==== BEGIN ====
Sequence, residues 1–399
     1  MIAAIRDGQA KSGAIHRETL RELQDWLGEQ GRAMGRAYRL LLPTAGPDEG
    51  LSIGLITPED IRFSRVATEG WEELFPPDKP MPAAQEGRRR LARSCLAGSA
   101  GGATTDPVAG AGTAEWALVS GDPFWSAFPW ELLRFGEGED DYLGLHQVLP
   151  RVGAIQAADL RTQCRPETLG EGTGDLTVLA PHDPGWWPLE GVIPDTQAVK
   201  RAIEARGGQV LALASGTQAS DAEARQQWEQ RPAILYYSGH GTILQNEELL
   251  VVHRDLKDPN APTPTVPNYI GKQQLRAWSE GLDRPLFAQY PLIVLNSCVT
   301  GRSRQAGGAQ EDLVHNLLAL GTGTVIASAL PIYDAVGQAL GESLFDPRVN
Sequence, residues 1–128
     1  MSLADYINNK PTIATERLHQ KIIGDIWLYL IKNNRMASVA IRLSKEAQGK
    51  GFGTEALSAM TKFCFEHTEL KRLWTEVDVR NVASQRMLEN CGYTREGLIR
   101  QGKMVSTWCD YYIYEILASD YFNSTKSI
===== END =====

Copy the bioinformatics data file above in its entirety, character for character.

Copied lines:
Sequence, residues 1–399
     1  MIAAIRDGQA KSGAIHRETL RELQDWLGEQ GRAMGRAYRL LLPTAGPDEG
    51  LSIGLITPED IRFSRVATEG WEELFPPDKP MPAAQEGRRR LARSCLAGSA
   101  GGATTDPVAG AGTAEWALVS GDPFWSAFPW ELLRFGEGED DYLGLHQVLP
   151  RVGAIQAADL RTQCRPETLG EGTGDLTVLA PHDPGWWPLE GVIPDTQAVK
   201  RAIEARGGQV LALASGTQAS DAEARQQWEQ RPAILYYSGH GTILQNEELL
   251  VVHRDLKDPN APTPTVPNYI GKQQLRAWSE GLDRPLFAQY PLIVLNSCVT
   301  GRSRQAGGAQ EDLVHNLLAL GTGTVIASAL PIYDAVGQAL GESLFDPRVN
Sequence, residues 1–128
     1  MSLADYINNK PTIATERLHQ KIIGDIWLYL IKNNRMASVA IRLSKEAQGK
    51  GFGTEALSAM TKFCFEHTEL KRLWTEVDVR NVASQRMLEN CGYTREGLIR
   101  QGKMVSTWCD YYIYEILASD YFNSTKSI